The banig is similar to traditional Japanese tatami mat or India’s reed mat (paay in Tamil or chatai in Hindi), it is made of dried leaves and used primarily for sleeping and sitting in the Philippines.
Banig weaving involves folding over strips of materials to make unique geometrical designs. Though it’s not clearly known when it started, people in Basey, Samar had been weaving mats long before the Spaniards came. The sleeping mats were used in Christian provinces and were also found among the Moros.
Banig weaving is considered a genuine treasure handed down as a tradition or a trade from one generation to another as it is widely practiced in the country. Filipino ingenuity can be seen in their creation and the designs depend on the practices of each region.
The tropical climate of the Philippines is most suitable for plants used in banig weaving. Rattan, palm species, and various species of reeds that grow in swampy areas are the materials that Filipinos use in making the mats. The leaves are soft, flexible, high quality, and decorated with various designs of colourful dyed straws. The matting materials undergo a drying process, sometimes in direct sunlight but frequently, they are treated with bleaching agents like vinegar, lemon or tamarind juice and pandakaki leaves (Tabernaemontana pandacaqui). These are done to strengthen the materials and to give them a brown tone.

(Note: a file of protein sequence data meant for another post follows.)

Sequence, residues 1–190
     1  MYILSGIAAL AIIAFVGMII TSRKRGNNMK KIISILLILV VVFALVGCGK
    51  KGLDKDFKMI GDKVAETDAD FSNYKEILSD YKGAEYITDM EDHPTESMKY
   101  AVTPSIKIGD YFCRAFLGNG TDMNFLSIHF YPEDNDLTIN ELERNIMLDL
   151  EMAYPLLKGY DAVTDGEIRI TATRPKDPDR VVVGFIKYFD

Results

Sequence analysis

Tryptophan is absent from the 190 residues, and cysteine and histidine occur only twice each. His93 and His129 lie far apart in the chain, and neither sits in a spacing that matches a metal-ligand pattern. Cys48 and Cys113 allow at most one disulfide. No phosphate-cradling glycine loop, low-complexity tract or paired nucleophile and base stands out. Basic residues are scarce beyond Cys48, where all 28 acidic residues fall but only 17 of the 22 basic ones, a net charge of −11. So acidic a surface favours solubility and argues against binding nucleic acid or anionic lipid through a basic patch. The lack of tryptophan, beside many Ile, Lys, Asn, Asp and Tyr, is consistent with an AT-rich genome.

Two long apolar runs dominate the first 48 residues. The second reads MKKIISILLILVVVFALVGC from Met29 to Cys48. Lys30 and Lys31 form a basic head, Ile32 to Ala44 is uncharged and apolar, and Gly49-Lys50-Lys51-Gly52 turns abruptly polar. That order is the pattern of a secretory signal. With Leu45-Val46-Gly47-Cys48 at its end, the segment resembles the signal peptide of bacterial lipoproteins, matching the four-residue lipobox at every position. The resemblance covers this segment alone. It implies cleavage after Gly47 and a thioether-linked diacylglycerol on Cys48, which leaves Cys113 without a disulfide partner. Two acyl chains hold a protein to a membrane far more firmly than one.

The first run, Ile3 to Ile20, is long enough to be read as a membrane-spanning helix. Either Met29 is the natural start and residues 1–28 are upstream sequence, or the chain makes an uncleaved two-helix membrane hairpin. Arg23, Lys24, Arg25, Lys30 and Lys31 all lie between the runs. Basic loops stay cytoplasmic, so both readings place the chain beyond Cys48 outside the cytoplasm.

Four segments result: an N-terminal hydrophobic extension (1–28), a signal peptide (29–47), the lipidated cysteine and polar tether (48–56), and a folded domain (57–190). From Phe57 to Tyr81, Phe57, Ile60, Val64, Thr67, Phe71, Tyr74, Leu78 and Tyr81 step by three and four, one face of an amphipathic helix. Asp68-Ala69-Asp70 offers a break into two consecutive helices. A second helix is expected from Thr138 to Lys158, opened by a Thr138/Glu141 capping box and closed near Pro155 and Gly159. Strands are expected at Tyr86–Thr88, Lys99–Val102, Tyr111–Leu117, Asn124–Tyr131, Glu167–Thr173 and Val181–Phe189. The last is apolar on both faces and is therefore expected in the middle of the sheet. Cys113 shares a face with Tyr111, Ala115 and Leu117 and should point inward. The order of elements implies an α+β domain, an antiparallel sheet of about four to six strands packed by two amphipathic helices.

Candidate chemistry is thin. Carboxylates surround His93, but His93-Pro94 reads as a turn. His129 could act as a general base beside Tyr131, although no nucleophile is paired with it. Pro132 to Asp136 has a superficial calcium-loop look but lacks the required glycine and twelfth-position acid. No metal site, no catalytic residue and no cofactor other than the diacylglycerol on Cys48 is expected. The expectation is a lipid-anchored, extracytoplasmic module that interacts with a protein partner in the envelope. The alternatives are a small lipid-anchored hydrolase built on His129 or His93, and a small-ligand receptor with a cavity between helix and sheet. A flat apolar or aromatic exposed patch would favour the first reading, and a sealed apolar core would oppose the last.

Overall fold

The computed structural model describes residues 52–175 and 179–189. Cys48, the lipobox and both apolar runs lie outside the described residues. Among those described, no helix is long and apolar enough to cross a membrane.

Other traditional functions of the banig to Filipinos, aside from it being used for sleeping and sitting, are as floor mat and for packing tobacco for exportation as well as for drying copra under the sun. In the more modern era, the mat itself can be made into different shapes to serve other purposes. Filipinos innovatively make products out of banig weavings such as wall hanging decors, bags, hat, slippers, tissue holders, and more.
One way of showcasing Philippine-made handwoven mat is through festivals. Banigan-Kawayan Festival Parade of Basey, Samar is one of the most famous celebrations. In 2000, Basaynons participated in weaving the world’s longest banig. Hundreds of people paraded the mat, which extended for more than a kilometre.
Other local festivities that are being celebrated throughout the year include Banig Festival (Cebu), Banigan Festival (Antique), Banigan Festival (Guimaras) and Buri Festival (Ilocos Sur). All these festivals’ concepts are based on the importance of banig weaving as a major means of livelihood among locals and on it being a tradition to be appreciated and passed down to future generations.